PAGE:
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State, national and international media frequently feature the University of Wyoming and members of its community in stories. Here is a summary of some of the recent coverage:
The UW Board of Trustees opted to wait until its July meeting to make a decision about changes in the university’s tuition policy and financial aid for 2020-21, The Laramie Boomerang reported. The proposed policy calls for no increase in the tuition rate for Wyoming resident undergraduates, with an 8 percent increase for nonresident undergraduates. Additionally, the proposal would add $1 million for need-based aid for Wyoming resident undergraduates.
The UW Housing Task Force listened to the university’s initial plan that suggests building three residence halls, each housing between 350-400 students, between the Wyoming Union parking lot and Lewis Street along the west side of 15th Street, according to The Boomerang.
UW plans to restart a program that trains future career technical education teachers, The Casper Star-Tribune (CS-T) reported. The university eliminated the program two years ago amid budget cuts.
Interesting Engineering rated UW’s program among the top five petroleum engineering schools in the U.S. The article said petroleum engineers could look forward to job stability and the potential to make a higher-than-average income.
UW economist Rob Godby discussed, with Wyoming Public Radio, Cloud Peak Energy’s decision to file for bankruptcy and what it means for the company’s creditors and payment of back taxes to Campbell and Converse counties.
Buckrail published UW’s release noting that changes to alpine streams fed by glaciers and snowfields due to a warming climate threaten to dramatically alter the types of bacteria and other microbes in those streams. Lusha Tronstad, research scientist with UW’s Wyoming Natural Diversity Database, was among researchers detailing the discovery.
UW researchers collaborated with University of Cincinnati colleagues to develop an algorithm to safeguard electronic devices, reported The Oak Tribune, an online news source based in New York. The novel development prevents hackers from detecting variations of power, stealing data and encrypted information.
Northern Wyoming News published UW’s media release featuring UW students DeLancey and Shelby Hodges, of Worland. The twin siblings, who were inseparable growing up, graduated from UW last weekend.
The Boomerang profiled Debbie Swierczek, a credentials analyst in UW’s Office of the Registrar, who earned her bachelor’s degree from UW last Saturday after starting classes 18 years ago. Swierczek is the recipient of the Outstanding Balanced Academic Award, which is given by UW to students who “balance strength in scholarly achievement with extracurricular achievement in a way that is unusually impressive.”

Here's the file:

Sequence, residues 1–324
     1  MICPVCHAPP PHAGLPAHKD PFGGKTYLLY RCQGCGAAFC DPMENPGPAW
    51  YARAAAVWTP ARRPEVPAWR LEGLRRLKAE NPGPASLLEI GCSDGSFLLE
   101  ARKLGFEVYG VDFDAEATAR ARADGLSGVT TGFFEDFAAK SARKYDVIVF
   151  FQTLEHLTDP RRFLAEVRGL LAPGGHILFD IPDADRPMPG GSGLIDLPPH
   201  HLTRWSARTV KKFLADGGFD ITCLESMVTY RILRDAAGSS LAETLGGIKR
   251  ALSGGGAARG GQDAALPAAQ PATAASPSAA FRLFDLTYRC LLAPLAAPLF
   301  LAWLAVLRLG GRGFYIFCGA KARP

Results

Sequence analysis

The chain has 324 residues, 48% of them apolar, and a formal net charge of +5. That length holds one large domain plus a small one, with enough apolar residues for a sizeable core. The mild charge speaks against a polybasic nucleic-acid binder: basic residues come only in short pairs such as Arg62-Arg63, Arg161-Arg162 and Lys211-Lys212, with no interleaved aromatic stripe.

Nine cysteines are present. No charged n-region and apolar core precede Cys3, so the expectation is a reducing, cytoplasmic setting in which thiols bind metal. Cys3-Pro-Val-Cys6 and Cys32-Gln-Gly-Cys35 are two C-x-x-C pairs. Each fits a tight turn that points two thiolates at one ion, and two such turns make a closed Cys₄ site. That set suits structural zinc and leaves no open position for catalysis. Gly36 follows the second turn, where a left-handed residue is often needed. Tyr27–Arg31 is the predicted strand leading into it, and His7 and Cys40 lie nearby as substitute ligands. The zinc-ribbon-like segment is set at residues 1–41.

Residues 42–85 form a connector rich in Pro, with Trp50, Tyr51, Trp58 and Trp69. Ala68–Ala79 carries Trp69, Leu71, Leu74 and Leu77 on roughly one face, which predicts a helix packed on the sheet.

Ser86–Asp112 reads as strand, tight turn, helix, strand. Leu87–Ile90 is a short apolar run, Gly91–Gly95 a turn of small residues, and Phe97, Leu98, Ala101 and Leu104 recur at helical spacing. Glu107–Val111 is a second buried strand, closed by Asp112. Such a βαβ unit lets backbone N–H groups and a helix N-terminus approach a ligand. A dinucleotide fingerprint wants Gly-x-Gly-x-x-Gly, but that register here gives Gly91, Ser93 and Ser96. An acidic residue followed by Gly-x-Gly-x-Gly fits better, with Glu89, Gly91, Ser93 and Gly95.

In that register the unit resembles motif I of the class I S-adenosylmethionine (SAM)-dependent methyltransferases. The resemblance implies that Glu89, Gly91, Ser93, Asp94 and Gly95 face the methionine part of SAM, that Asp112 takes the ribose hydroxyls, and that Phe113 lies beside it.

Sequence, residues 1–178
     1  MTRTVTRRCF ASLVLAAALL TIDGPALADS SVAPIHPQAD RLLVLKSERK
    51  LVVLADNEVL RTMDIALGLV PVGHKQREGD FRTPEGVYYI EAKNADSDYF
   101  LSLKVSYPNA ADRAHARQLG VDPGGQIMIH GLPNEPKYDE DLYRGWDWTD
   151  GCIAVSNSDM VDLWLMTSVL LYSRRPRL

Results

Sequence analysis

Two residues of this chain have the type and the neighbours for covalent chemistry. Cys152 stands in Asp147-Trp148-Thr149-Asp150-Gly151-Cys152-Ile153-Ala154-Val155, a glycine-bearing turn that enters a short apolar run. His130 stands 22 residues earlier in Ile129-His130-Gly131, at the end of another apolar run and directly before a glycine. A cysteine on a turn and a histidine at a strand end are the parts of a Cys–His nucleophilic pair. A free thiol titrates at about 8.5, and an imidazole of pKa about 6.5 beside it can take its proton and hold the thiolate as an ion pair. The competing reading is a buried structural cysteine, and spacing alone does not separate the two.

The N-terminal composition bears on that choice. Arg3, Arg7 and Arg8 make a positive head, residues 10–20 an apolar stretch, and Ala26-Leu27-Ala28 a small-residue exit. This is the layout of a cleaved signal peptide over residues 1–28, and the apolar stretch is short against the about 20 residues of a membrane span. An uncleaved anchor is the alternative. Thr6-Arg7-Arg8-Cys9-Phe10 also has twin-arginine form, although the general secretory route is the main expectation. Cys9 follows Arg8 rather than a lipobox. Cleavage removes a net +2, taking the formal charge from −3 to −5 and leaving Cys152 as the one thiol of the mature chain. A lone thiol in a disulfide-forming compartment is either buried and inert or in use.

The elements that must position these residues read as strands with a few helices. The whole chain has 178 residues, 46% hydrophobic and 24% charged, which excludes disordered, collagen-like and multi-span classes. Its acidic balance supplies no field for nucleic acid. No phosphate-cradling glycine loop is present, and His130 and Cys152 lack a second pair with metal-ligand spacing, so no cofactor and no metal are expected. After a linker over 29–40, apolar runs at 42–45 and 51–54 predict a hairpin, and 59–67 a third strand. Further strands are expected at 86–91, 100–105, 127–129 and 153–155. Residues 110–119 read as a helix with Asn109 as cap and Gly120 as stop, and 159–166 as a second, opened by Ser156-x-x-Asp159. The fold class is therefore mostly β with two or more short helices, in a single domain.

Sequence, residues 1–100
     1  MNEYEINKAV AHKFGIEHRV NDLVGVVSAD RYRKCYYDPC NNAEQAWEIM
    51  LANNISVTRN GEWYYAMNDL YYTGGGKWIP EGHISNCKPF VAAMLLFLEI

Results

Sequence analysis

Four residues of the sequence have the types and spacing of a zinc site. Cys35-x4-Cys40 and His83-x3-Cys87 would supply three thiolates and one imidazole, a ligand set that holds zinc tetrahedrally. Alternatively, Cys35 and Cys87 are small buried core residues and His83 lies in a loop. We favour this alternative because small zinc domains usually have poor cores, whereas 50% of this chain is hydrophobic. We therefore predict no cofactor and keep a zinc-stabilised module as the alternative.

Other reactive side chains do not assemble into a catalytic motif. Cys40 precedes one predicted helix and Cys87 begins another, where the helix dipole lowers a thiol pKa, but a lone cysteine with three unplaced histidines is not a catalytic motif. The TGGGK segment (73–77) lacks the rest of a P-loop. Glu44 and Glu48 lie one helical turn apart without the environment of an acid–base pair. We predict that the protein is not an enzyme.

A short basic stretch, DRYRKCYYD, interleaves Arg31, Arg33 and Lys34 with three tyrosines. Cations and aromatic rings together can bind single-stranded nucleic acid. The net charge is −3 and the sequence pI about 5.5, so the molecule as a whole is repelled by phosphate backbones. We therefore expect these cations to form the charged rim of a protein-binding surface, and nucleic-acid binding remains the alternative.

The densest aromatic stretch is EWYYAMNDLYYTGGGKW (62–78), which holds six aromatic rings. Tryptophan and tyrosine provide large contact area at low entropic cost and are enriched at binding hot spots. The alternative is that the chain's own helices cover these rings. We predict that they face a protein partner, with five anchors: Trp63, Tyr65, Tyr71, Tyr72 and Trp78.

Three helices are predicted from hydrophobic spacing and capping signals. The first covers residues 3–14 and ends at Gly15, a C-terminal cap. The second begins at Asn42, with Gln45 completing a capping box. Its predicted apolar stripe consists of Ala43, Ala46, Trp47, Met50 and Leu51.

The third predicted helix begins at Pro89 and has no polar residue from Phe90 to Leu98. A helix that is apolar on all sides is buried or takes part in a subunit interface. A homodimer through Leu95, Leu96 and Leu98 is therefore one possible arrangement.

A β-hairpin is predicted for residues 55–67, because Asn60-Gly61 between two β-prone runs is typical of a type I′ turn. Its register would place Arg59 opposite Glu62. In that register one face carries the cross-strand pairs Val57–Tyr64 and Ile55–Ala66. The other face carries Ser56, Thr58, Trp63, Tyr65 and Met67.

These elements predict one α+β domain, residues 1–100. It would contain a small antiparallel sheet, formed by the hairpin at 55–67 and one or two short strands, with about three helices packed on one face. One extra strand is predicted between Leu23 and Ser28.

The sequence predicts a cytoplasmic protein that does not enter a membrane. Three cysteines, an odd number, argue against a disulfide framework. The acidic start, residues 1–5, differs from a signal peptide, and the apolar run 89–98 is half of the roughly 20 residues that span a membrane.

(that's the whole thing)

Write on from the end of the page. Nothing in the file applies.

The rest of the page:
UW and local community college personnel are helping educators prepare new computer science curricula with in-service training and classes as the state moves forward with new computer science standards, Ed Scoop reported.
Blueprint, a Nigerian newspaper, interviewed Aisha Balogun, a UW computer science junior from Nigeria, about her experiences attending a school in the United States. Balogun says she wants to return to her home country after graduation to give back what she has learned at UW.
Scott Quillinan, director of research for UW’s School of Energy Resources, discussed with Montana Public Radio UW’s and industry partners’ investigation into the feasibility of large-scale carbon dioxide capture and storage projects.
The Boomerang reported that UW would create four new jobs as part of its “No More” campaign, which provides more resources to prevent and respond to sexual assault on campus. The San Francisco Chronicle published a similar article.
UW Department of Visual Arts Professor Alyson Hagy discussed her new book, “Scribe,” with The Jackson Hole News and Guide.
The Boomerang reported that Gov. Mark Gordon told the UW Board of Trustees that the university should tap its research capabilities, especially those at the School of Energy Resources, for carbon sequestration and become a leader in combating climate change.
Four Pine Bluffs High School seniors participated in “Signing Day,” a commitment to attend UW this fall, reported The Pine Bluffs Post.
County 10 reported that UW Fay W. Whitney School of Nursing students recently participated in the National Outdoor Leadership School Wilderness Medicine for the Professional Practitioner program.
Andrew Kniss, UW plant sciences professor, was interviewed by Sugar Producer about the possible elimination of glyphosate -- a widely used herbicide that controls broadleaf weeds and grasses used in Roundup.
Matthew Fox, an assistant professor in the UW Department of Management and Marketing, told The CS-T he doesn’t think there’s much of an economic impact of having a downtown corridor in Casper be mostly empty on Sundays. He said people figure out they should shop on Saturdays instead.
Troy Cassity, a management junior from Riverton, was among students mentioned in a UW release published on Wind River Radio Network’s website. Cassity was among UW DECA students receiving awards at the national convention.